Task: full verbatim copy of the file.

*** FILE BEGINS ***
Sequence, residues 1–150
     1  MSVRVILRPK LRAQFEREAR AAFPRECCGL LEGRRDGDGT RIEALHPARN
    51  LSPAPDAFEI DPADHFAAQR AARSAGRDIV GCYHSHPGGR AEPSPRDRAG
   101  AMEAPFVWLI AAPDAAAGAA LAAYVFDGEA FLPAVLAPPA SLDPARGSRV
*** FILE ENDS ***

Sequence, residues 1–150
     1  MSVRVILRPK LRAQFEREAR AAFPRECCGL LEGRRDGDGT RIEALHPARN
    51  LSPAPDAFEI DPADHFAAQR AARSAGRDIV GCYHSHPGGR AEPSPRDRAG
   101  AMEAPFVWLI AAPDAAAGAA LAAYVFDGEA FLPAVLAPPA SLDPARGSRV